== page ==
Use this URL to cite or link to this record in EThOS: https://ethos.bl.uk/OrderDetails.do?uin=uk.bl.ethos.773121
Title: An exploration of the neuropsychological needs of individuals experiencing homelessness
Author: Duffy, Cormac
ISNI:       0000 0004 7960 5386
Awarding Body: Lancaster University
Current Institution: Lancaster University
Date of Award: 2019
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Abstract:
Background: In recent decades research has reported high rates of cognitive difficulties in individuals experiencing homelessness. Thus far, these difficulties have been linked with higher instances of traumatic brain injuries (TBIs), substance misuse, and mental health (MH) issues in this group compared to the general population. In addition to existing structural and systemic barriers, cognitive difficulties can hinder a person's exit from homelessness. Method: A scoping literature review was conducted to investigate whether intellectual disability (ID) may contribute to level of cognitive difficulties observed in homelessness. An exploratory cross-sectional study was carried out to provide a profile of the neuropsychological issues in a small sample of individuals experiencing homelessness and their use of services. The methodology employed addressed key issues in the field of homelessness research. Results: The review identified seven studies exploring homelessness and ID with the proportion of ID reported ranging from 5.6% to 39% across samples. The field study further supported the accrual of multiple vulnerabilities in homelessness including cognitive impairment and TBI. Participants had high attendance at acute services, namely Accident & Emergency (A&E), while specialist MH and brain injury services were rarely if ever used. The methodology employed was tolerated well by participants and provides a template for future research which can be further developed. Conclusions: This thesis highlights the cognitive impairment in homelessness. Further research, building on the methodology employed in this study, can investigate how the different issues identified (e.g. TBI and MH difficulties) relate to the cognitive impairment observed and how best to support them.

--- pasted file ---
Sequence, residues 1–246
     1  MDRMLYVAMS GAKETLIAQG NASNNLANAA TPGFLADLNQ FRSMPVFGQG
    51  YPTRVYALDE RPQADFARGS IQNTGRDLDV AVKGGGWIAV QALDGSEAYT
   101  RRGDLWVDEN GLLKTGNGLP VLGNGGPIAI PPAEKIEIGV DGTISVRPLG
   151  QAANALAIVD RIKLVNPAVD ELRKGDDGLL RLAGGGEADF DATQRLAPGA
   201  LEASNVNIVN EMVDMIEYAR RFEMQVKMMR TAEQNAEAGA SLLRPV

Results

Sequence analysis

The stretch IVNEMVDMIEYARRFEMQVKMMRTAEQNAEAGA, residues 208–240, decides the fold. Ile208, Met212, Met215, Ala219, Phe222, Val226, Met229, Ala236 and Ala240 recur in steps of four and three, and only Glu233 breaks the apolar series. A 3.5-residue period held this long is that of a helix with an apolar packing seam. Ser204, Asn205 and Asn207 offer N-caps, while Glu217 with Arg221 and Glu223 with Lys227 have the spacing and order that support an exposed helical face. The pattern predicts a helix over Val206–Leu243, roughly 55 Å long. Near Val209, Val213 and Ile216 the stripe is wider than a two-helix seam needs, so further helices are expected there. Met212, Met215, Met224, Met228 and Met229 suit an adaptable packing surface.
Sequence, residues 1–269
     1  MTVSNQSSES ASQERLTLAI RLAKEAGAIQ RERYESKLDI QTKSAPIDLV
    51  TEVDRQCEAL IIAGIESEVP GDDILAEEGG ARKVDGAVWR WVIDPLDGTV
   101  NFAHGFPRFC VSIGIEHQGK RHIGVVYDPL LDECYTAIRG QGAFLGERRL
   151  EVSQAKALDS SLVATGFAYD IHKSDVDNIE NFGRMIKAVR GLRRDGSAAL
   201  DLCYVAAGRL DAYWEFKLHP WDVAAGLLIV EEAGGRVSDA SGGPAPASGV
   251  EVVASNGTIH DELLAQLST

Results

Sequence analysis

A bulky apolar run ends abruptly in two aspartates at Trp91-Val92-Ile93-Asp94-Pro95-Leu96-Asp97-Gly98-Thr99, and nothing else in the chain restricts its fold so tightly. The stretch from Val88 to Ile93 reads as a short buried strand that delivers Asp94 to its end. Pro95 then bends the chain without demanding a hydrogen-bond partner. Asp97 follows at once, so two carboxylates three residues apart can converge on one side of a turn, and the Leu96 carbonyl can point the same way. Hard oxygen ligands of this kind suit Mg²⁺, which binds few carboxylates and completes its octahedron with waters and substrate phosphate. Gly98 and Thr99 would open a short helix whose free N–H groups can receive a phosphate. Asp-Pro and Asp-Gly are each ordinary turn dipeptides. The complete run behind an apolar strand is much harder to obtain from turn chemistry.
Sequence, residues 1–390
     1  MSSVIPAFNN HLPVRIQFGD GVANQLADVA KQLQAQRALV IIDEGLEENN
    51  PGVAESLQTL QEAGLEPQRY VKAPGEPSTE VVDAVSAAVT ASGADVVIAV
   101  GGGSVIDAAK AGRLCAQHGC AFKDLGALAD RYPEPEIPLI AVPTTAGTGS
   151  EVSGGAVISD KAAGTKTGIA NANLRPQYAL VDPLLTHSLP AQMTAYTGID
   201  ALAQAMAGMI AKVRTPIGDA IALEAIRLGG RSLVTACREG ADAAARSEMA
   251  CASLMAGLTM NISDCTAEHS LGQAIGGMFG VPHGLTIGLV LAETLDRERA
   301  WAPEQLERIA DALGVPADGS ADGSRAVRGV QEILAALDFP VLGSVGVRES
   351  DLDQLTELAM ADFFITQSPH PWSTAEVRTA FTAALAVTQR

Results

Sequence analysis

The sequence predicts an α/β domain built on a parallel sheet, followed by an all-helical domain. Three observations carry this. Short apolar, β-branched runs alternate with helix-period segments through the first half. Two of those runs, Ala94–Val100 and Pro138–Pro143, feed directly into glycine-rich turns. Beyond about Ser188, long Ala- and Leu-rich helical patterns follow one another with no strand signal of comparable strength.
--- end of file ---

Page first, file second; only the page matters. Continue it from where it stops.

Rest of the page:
Supervisor: Not available Sponsor: Not available
Qualification Name: Thesis (Ph.D.) Qualification Level: Doctoral
EThOS ID: uk.bl.ethos.773121  DOI:
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